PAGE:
SAN DIEGO (CNS) - Four San Diego City Council districts are in play in Tuesday’s primary election.
City Councilman David Alvarez is termed out of his position, while council members Lorie Zapf, Myrtle Cole and Chris Cate are each seeking re-election.
Three Democrats are vying for Alvarez's District 8 seat in the technically non-partisan race -- San Ysidro school board member Antonio Martinez, Alvarez staffer Vivian Moreno and Christian Ramirez, human rights director for the social justice group Alliance San Diego. No Republicans are running in the race.
Martinez has focused on basics during his campaign, including increased funding for new sidewalks, streetlights and community parks for District 8, which is geographically split to include Sherman Heights and Barrio Logan near downtown as well as Otay Mesa and San Ysidro by the border.
Moreno has called for additional housing and transit options, while Ramirez says there should be a greater focus on border communities and social issues, including racial profiling by police.
In District 2, which includes beach communities and a section of Clairemont, Zapf, a Republican, will be challenged by UC San Diego employee Jordan Beane, retired doctor Jennifer Campbell and attorney Bryan Pease. All three challengers are Democrats.
Other candidates are Republican Kevin Melton and Democrats Randy Hahn and Daniel Smiechowski, though none have approached the fundraising levels of their peers.
Zapf says she should be re-elected because of her experience and institutional knowledge. She has cited homelessness, affordable housing and vacation rentals as important issues in her district.
Beane, 34, has said he's a better fit for the district's young, progressive inhabitants. Campbell said she would focus on vacation rentals and preserving public recreation spaces, while Pease touted prior experience with issues related to homelessness and tenant rights.
As of May 1, party registration totals in District 2 favored Democrats to Republicans by a 32,000 to 22,900 margin. A Democratic win in District 2 would increase the party's council majority from 5-4 to 6-3. Because of voter party affiliation totals, District 4 and 8 will likely remain in Democratic hands.
Cole will be challenged in District 4 by former San Diego Housing Commission Chairman Neal Arthur and civil rights lawyer Monica Montgomery, both Democrats, and realtor Tony Villafranca, a Republican who hasn't raised any money.
Cole said her re-election would allow the continuation of projects related to infrastructure, housing and economic development. Her district includes many of San Diego's southeastern neighborhoods.
Montgomery, whose law career has focused on civil rights, said she has a better idea of what's happening at the grass-roots level in District 4.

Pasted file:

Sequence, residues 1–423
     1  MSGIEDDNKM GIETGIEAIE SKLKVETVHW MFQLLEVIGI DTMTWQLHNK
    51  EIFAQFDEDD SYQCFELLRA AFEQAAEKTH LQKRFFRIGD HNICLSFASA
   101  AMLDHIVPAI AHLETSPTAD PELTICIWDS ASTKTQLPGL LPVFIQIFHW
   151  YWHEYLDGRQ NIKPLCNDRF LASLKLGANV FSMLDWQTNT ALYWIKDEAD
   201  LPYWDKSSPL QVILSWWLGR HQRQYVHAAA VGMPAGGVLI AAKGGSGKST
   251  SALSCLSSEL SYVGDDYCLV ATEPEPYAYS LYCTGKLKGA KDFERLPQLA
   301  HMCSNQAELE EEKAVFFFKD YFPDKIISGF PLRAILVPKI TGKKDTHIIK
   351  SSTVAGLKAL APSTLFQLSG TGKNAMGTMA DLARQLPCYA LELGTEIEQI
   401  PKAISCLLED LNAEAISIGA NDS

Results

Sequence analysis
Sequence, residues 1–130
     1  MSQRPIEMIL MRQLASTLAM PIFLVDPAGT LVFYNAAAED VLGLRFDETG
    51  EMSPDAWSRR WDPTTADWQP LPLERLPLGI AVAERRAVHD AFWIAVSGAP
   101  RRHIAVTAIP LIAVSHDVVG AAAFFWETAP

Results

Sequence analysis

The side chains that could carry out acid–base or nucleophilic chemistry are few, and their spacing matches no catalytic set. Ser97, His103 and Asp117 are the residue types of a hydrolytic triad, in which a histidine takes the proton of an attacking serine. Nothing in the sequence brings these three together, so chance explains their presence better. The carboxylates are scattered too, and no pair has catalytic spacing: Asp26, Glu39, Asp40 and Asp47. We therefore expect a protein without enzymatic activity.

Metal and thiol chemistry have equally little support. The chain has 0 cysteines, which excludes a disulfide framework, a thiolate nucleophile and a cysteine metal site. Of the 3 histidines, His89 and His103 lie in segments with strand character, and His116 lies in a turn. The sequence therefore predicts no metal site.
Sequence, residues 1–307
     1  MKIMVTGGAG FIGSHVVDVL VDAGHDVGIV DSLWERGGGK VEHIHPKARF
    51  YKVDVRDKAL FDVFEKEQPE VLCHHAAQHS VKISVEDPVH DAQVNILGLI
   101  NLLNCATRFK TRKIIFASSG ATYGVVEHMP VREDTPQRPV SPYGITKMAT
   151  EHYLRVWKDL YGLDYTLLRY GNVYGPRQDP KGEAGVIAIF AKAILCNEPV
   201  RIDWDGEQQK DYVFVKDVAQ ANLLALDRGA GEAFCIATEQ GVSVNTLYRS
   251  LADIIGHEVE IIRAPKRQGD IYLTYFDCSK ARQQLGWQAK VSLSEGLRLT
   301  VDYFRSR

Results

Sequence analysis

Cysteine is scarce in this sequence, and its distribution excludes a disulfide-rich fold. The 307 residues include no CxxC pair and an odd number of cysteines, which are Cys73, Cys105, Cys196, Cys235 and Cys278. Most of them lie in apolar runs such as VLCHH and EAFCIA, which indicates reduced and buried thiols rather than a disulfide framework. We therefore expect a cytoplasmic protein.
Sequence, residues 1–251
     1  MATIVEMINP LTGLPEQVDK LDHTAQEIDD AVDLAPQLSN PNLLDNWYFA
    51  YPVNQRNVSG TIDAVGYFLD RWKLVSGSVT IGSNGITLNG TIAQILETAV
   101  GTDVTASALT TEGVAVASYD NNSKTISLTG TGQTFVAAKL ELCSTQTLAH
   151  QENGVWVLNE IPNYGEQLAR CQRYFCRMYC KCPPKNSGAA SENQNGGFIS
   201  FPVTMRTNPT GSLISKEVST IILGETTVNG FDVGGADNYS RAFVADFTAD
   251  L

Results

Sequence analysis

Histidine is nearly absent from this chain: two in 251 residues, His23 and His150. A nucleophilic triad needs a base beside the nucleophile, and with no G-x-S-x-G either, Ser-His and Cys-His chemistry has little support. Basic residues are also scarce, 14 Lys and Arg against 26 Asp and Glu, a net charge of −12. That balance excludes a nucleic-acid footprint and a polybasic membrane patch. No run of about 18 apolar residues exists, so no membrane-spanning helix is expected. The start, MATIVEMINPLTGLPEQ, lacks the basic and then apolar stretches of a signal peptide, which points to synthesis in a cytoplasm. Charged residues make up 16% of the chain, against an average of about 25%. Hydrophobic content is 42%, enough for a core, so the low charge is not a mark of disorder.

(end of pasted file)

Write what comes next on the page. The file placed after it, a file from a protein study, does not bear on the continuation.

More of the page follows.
Arthur, who is also former director of housing for the Urban League of San Diego, touted his experience spearheading affordable housing initiatives. He said the council should be more receptive to the community.
In District 6, which includes Mira Mesa, Rancho Penasquitos, Kearny Mesa and most of Clairemont, Cate, a Republican, is being challenged by broadcaster and environmental advocate Tommy Hough as well as lawyer Matt Valenti. Both challengers are Democrats.
Independent Jeremiah Blattler and Kevin Egger of the American Solidarity Party are also on the ballot, though neither candidate has raised any money for the race.
Cate said voters should re-elect him to a second term so he can continue advocating for pubic safety and infrastructure projects.
His opponents have criticized the councilman's ethics. In June, Cate leaked a memo written by City Attorney Mara Elliott to a lobbyist for the proposed SoccerCity development in Mission Valley. The San Diego Ethics Commission fined Cate the maximum amount, though the state attorney general decided not to pursue the matter further.
Hough has called for infrastructure rebuilds, finding long-term homelessness solutions and revitalizing civic spaces, such as parks, libraries and police stations.
Valenti says he wants more government transparency, less special interest influence and better homelessness solutions.
Democrats outnumber Republicans in District 6 by 27,300 to 21,300 as of May 1, giving progressives an opportunity to bolster their council majority.
An incumbent council member hasn't lost in San Diego since 1992.
Unless a candidate wins an outright majority of votes in Tuesday's primary, the top two finishers from each race will move on to a November runoff.